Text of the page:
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Muzzleloader seminars aim to prevent problems

Published August 28. 2010 09:00AM

KEMPTON - Preventing problems before they have to be solved in the field is important for all types of hunting, but it is especially so when using a primitive firearms like a traditional muzzleloader.

In Pennsylvania, which is the only state to have a special season for flintlock ignitions, many hunters like to give their flintlock rifles a "trial run" during the October antlerless-only season. This year, the early season will be held from Saturday, Oct. 16, through Saturday, Oct. 23, and both percussion and flintlock ignitions are legal.

While rain is always a concern during the seven-day October hunt, weather conditions are usually better than those likely to be encountered during portions of the post-Christmas flintlock season. For that reason, the early season is the ideal time to fine tune a flintlock for peace of mind and avoid problems in the late season.

One of the best ways to troubleshoot, solve and - in some instances - avoid problems is by attending the annual Blackpowder Hunting, Shooting and Safety Seminar held at Dixon Muzzleloader Shop, located between Krumsville and Kempton on Route 737, north of Interstate 78 off Exit 40. This year, the free seminars will be held Saturday, Sept. 18, with sessions at 10 a.m. and 1:30 p.m.

These seminars target hunters who already own traditional-type muzzleloading rifles and want to learn more about improving their performance. They are also the ideal way for those looking to get into the sport to interact with experienced muzzleloader hunters and talk one-on-one with a qualified instructor.

Unlike the Dixon Gunmakers Fair held the last weekend in July, the focus of the upcoming seminars is hunting and shooting, rather than addressing the concerns of rifle builders. In fact, according to shop founder Chuck Dixon, the majority of those attending the seminars own production rifles, not custom-build rifles.

"Because you don't need a Federal Firearms License to buy or sell traditional muzzleloaders, it's not that difficult to find them for sale everywhere from yard sales to the Internet," Dixon said. "I've even seen them for sale in hardware stores, right next to tackle boxes and fishing poles, and most department stores that sell sporting goods usually carry a few muzzleloaders.

"Buying a muzzleloader is the same as buying a bow, which means it should be done at a sporting goods store that has a gun department with someone who is knowledgeable about muzzleloader and a bow department with someone who knows how to fit you with a bow. I've actually heard of people who have bought muzzleloaders and bows at yard sales, which is really asking for serious problems from the standpoint of safety and performance.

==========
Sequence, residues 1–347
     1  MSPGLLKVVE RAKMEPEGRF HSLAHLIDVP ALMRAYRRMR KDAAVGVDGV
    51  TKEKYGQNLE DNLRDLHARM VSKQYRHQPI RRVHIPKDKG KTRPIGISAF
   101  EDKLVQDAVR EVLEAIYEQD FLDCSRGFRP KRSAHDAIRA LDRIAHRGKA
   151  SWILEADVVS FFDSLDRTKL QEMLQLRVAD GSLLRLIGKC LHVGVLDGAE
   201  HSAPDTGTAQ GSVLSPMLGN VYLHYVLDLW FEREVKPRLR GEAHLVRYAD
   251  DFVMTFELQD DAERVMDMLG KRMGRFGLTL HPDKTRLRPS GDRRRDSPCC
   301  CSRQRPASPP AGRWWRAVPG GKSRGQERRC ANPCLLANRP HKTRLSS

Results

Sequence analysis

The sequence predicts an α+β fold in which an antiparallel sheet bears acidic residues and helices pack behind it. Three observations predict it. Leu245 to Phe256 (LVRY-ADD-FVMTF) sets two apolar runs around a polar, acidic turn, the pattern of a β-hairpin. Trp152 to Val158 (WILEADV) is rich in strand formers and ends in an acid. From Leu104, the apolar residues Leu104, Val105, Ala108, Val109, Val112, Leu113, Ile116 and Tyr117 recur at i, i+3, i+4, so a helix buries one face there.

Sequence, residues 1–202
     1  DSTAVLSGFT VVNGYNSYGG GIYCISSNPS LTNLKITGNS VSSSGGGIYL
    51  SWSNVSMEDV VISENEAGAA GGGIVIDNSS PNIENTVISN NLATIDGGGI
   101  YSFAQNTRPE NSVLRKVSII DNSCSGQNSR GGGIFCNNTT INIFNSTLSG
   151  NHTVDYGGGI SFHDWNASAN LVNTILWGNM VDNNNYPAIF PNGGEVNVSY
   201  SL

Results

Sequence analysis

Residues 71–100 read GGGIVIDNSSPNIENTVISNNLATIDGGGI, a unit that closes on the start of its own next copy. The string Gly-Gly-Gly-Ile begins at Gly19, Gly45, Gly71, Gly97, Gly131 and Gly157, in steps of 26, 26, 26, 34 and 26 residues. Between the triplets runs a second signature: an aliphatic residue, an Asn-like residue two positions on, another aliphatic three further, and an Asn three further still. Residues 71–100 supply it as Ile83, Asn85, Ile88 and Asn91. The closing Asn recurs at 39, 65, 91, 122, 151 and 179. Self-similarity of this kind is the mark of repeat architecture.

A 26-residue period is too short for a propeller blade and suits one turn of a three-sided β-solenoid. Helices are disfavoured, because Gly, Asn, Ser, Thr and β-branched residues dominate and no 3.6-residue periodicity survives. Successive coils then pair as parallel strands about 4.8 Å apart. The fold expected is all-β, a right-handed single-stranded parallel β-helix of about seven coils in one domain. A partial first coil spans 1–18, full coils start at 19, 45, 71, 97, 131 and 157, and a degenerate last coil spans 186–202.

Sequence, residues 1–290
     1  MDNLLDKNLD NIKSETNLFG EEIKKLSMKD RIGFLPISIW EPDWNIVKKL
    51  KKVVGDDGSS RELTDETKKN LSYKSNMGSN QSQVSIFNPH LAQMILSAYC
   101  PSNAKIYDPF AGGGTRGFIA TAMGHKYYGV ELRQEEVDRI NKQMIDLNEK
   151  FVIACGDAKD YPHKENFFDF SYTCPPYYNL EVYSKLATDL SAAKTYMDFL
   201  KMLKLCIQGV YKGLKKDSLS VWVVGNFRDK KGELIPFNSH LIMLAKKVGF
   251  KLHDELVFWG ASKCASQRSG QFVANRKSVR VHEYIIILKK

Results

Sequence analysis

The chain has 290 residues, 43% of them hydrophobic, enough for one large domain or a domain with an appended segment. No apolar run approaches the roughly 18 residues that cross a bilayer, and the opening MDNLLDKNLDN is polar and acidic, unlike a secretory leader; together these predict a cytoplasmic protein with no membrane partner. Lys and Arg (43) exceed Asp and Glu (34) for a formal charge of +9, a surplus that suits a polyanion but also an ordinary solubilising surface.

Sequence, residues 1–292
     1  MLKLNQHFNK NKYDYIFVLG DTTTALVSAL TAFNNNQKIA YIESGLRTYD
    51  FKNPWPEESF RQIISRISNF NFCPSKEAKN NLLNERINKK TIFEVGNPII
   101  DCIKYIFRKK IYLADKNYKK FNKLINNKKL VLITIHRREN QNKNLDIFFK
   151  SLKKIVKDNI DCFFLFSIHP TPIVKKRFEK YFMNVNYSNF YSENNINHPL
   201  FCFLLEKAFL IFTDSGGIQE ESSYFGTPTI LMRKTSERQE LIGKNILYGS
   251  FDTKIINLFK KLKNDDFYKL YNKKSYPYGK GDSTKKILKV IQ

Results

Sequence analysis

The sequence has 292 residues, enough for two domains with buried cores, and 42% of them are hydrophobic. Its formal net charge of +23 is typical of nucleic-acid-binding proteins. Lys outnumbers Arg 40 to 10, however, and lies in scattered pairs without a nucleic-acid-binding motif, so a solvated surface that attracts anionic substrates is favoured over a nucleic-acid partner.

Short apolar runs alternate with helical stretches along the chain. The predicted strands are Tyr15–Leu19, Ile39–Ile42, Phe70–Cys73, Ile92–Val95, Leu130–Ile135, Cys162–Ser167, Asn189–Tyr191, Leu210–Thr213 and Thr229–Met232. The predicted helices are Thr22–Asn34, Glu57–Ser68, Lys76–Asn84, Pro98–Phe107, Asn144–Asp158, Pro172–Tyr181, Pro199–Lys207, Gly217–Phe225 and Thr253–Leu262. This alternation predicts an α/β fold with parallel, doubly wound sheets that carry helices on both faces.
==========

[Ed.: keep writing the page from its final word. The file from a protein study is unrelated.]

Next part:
"Sometimes, we've had people come to the seminars with rifles that were actually unsafe to fire, but if we tell them that, some are always going to think we're just trying to sell them a gun. There's also a lot of misinformation being put out by the muzzleloading industry, so by coming to the seminars and talking with other hunters, people feel more comfortable."

While the blackpowder seminars provide instruction on technique and how to solve problems, they also focus on how to avoid problems. For flintlock shooters, the majority of problems can be corrected by taking some preventive steps that require no special tools or talent.

For example, something as simple as having a flint that fits correctly in the jaws of the hammer will help assure reliable ignition and keep the frizzen securely on the pan. With the hammer in the half-cock position, a flint should rest near - not against - the top one-third of the frizzen face, which should be kept smooth and clean.

Some of the misconception that piece of the flint set off the priming powder, but in reality the flint shaves bits of steel off the frizzen face. This why the face must be smooth and clean, as the hot bits of steel fall into the pan, igniting the prime and setting off the charge in the barrel.

Another simple bit of maintenance is to slightly file the sides of the pan so that the base of the frizzen extends over the top of the pan. This will help allow melting snow or rain to drip off the overhang of the frizzen, rather than run into the pan.

For information on the Blackpowder Hunting, Shooting and Safety Seminar, contact Dixon Muzzleloader Shop at 610-756-6271.

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